Bubble, Bubble, Toil, and …

By |2014-04-17T10:15:41+00:00April 17th, 2014|Global Market Update|

Is the stock market becoming bubble-icious? The S&P 500 is up 50% since the middle of 2012. The price-earnings ratio has risen from 14 to 17 times trailing 12-month earnings, according to Bloomberg. And speculative IPOs for companies like Twitter and Candy Crush seem to be multiplying. Are we headed back to the giddy heights of the 2000 tech-bubble? Consider some facts: in the first quarter of 2000 there were 123 IPOs. Their average first-day returns were an eye-popping 96 percent. In the first [...]

Managing for Life

By |2017-07-17T12:34:19+00:00April 16th, 2014|Global Market Update|

We’ve heard about finding quality investments. But what about finding quality in your life? Investment quality involves a combination of security and growth, of stability and volatility. It means being exposed to various parts of the economy so that a problem in one area doesn’t threaten your financial future, and so can participate when there is growth in another area. We don’t know the future. Diversification is the complement humility pays to uncertainty. It’s that way in life as well. A balanced life combines [...]

The Quality is Right (Part 4)

By |2017-07-17T12:34:19+00:00April 15th, 2014|Global Market Update|

What is marketplace quality? Marketplace quality is related to market share. It’s how much people want to use your product. Your market share may be small because you’re just starting out, or you have limited supplies, or you’re pursuing a limited niche. But market quality measures how much your position in the marketplace is dictated by something other than a low price. Among food stores, Whole Foods is trying to have a quality image that allows it to charge a higher price. In electronics, [...]

The Quality is Right (Part 3)

By |2014-04-14T10:05:51+00:00April 14th, 2014|Global Market Update|

Where does financial value come from? Answering this question is kind of like answering your kids when they ask where babies come from. Most people think that the market performs some kind of magic, taking competition, innovation, and resources and shaking them together, laying the results out under the sunshine of disclosure, and slowly, gradually, value emerges. But it doesn’t work that way. Skilled managers run a business for profit. They look minimize their costs, try to hire talented staff, and look for ways [...]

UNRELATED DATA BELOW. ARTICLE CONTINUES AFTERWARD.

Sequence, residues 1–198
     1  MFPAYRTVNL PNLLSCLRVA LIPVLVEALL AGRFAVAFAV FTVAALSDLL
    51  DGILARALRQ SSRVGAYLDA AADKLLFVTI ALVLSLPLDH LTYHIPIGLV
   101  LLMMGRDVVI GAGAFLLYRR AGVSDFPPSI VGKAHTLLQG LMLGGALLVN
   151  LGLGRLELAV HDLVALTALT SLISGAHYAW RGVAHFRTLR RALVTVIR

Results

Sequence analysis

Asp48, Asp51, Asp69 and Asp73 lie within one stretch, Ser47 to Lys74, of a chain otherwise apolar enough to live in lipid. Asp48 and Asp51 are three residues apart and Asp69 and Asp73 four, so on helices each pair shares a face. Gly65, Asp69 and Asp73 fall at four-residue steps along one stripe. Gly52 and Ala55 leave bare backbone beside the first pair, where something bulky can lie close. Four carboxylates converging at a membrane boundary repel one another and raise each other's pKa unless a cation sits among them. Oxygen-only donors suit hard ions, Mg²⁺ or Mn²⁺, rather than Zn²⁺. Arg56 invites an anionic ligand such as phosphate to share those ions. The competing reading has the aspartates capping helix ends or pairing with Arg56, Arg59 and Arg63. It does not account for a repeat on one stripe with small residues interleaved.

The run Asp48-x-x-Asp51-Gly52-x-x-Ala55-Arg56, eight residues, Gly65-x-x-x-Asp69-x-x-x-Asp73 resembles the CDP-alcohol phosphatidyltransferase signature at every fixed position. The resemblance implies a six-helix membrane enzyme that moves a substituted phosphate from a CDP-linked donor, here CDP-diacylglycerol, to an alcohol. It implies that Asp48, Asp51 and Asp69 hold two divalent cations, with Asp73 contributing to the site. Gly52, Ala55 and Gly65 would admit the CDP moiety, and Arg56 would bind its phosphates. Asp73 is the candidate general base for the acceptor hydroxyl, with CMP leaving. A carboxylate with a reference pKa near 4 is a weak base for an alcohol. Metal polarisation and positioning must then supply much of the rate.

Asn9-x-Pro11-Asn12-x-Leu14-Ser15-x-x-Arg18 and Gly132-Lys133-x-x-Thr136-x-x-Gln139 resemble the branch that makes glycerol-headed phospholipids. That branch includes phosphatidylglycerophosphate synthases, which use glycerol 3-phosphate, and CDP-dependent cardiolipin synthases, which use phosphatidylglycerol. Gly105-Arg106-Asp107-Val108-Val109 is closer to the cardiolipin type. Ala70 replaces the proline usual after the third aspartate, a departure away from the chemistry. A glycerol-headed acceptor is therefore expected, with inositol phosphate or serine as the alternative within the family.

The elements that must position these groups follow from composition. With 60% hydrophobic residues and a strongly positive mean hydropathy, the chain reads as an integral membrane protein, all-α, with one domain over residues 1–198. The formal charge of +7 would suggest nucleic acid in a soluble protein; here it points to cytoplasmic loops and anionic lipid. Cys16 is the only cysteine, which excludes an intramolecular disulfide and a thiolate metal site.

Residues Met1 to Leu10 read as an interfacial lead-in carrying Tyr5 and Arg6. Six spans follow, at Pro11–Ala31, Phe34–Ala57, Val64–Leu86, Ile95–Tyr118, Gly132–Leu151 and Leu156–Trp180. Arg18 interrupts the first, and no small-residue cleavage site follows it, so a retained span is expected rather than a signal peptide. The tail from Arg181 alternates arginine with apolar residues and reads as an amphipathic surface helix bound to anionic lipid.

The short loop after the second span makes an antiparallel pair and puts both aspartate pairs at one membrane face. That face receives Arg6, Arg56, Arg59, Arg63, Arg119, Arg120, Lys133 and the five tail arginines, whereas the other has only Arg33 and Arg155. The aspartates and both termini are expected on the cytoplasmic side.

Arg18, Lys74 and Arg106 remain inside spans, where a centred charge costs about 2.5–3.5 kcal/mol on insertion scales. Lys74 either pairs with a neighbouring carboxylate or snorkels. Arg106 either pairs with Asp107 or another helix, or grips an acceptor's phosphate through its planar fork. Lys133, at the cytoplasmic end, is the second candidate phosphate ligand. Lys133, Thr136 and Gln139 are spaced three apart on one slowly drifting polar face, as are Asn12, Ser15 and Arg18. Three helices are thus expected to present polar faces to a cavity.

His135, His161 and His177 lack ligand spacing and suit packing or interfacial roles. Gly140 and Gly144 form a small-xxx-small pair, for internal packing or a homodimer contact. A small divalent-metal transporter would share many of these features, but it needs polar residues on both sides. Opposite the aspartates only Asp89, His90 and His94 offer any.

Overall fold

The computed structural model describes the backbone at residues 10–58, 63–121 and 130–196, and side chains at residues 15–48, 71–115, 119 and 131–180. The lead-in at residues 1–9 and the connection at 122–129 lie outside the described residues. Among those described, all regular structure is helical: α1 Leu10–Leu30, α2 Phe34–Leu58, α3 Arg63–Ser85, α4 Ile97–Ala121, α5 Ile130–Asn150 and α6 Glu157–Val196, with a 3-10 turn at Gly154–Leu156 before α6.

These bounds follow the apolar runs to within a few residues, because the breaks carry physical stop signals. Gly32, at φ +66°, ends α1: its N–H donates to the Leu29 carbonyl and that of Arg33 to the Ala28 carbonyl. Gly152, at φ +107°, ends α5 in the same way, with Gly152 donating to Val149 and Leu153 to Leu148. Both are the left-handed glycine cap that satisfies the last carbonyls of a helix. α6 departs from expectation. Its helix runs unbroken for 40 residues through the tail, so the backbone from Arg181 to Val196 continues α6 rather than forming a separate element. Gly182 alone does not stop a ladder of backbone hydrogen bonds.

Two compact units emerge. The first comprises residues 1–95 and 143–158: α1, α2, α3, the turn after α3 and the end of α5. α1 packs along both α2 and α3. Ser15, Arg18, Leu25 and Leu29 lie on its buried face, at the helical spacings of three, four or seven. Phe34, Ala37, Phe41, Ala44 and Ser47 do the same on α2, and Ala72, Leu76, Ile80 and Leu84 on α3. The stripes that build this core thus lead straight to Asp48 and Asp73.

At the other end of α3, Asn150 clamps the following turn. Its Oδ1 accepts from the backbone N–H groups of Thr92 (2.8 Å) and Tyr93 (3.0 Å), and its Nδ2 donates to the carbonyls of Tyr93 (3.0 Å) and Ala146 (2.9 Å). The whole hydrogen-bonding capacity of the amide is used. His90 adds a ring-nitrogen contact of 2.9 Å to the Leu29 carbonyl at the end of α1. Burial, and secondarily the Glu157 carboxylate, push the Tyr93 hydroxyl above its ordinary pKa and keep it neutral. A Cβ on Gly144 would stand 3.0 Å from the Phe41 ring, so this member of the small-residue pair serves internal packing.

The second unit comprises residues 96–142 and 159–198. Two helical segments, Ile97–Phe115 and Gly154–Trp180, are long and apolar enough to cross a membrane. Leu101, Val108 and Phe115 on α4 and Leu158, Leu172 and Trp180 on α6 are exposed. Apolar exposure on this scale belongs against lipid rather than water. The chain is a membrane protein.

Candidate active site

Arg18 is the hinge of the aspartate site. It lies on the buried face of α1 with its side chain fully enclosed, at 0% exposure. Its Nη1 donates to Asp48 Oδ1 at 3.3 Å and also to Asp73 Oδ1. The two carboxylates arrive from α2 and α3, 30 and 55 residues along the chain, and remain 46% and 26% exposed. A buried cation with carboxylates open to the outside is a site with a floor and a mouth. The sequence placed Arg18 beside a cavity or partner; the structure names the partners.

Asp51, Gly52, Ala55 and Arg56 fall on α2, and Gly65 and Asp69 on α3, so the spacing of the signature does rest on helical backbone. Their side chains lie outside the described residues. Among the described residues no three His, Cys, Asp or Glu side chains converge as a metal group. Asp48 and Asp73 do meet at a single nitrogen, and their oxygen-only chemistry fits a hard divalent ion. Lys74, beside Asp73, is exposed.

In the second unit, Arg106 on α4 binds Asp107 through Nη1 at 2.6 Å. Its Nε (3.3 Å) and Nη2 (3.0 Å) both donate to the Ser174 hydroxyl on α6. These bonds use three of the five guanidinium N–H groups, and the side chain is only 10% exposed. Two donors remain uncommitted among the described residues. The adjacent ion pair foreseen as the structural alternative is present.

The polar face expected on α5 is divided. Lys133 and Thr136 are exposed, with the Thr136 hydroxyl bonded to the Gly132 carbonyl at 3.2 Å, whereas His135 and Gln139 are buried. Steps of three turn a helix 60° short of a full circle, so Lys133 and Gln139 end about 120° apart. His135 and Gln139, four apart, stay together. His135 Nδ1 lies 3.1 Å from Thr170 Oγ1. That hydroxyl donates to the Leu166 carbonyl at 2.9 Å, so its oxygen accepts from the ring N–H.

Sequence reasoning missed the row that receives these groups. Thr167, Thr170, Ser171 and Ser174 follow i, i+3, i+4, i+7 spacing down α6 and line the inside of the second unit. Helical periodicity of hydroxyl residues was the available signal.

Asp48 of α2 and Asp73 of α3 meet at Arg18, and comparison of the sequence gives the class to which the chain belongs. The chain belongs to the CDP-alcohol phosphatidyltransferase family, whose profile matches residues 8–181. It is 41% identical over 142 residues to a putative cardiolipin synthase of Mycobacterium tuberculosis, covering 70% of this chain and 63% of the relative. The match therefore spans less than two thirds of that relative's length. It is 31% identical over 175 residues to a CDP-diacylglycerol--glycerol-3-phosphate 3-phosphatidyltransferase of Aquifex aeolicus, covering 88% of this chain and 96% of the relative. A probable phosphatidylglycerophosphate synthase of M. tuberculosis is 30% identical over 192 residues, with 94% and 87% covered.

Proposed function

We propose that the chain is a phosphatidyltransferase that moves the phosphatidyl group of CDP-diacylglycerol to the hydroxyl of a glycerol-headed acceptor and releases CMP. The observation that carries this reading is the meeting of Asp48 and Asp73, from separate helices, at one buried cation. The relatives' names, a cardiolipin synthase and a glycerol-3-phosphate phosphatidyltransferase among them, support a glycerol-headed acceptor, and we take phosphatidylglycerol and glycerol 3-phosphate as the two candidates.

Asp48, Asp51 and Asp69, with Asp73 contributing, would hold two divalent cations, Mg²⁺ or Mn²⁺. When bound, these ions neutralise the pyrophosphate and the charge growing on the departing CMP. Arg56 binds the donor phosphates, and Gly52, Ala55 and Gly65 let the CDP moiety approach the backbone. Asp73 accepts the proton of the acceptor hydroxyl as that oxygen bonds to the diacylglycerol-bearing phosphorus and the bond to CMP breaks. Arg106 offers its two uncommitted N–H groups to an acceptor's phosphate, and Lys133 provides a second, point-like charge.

The Quality is Right (Part 2)

By |2014-04-11T10:57:01+00:00April 11th, 2014|Global Market Update|

Would you rather bet on a horse, or a jockey? A smart race-track operator would say, “both.” The horse’s name is the main event, but who the jockey is matters. A good rider can get a lot more out of a horse than people expect. It’s that way with a company’s management. Good managers can inspire their staff, transform their marketplace, and get more value of corporate assets than anyone thought possible. Bad managers act like poison in the well: anyone who comes near [...]

The Quality is Right

By |2014-04-10T09:42:16+00:00April 10th, 2014|Global Market Update|

Which is more important: price, or quality? There’s an old saying in business: quality is remembered long after price is forgotten. This quote is frequently attributed to Aldo Gucci, the founder of the Italian fashion company, but it had been a business maxim long before he was around. It presents an aspect of marketplace wisdom that still rings true: people will often forget how much they paid, the how a product performs is in their face all the time. The same can be said [...]

The Tragedy of Expertise

By |2014-04-09T09:23:42+00:00April 9th, 2014|Global Market Update|

What is Vail doing? Vail Resorts is a diversified ski-resort operator. They own four ski resorts in Colorado, three in the Lake Tahoe area, and one in Utah. They also own luxury resort hotels. Vail was opened in 1962 by a former 10th Mountain Division ski trooper, who saw what European skiing was like and thought the sport could be popular over here if developed properly. Vail was successful and skiing took off in the US. But the ski business is difficult. Several operating [...]

Advising Ourselves (Part 4)

By |2014-04-08T09:04:38+00:00April 8th, 2014|Global Market Update|

When do stock tips work? Investment advice works best when people treat their investments like a business. If you are investing, you’re really acquiring future sources of cash. Some—like most bonds—come with contractual payments and a final date. Others—like tech stocks—come with a vague promise to begin returning cash to shareholders when the business matures. All of them, even government bonds, depend on the economy. If you were running a business, you wouldn’t tune in to a general business show for specific advice. There [...]

Advising Ourselves (Part 3)

By |2014-04-07T10:46:55+00:00April 7th, 2014|Global Market Update|

What’s wrong with stock tips? Stock recommendations rarely work out. Part of the reason is because they need to fit into an overall plan. But people who give investment advice (“5 stocks that could double!”) rarely give the nuance and conditions that might make the advice less applicable. What are the risk factors? What is the time horizon? How will the advice get updated? What is the benchmark? Gurus and pundits usually don’t have much skin in the game. The rules of journalism require [...]

Advising Ourselves (Part 2)

By |2014-04-04T09:03:33+00:00April 4th, 2014|Global Market Update|

Everyone wants a tip. What’s the best way to invest? Profitable investing starts with a plan. It starts with investors reviewing their goals, their fears, how much time they have, how much access to their money they need, and other circumstances. No one plans to fail, but many people fail to plan. And if you don’t know where you’re going, any road will do. But once you have a plan, what do you do? Investing is a prospective activity. The results depend on things [...]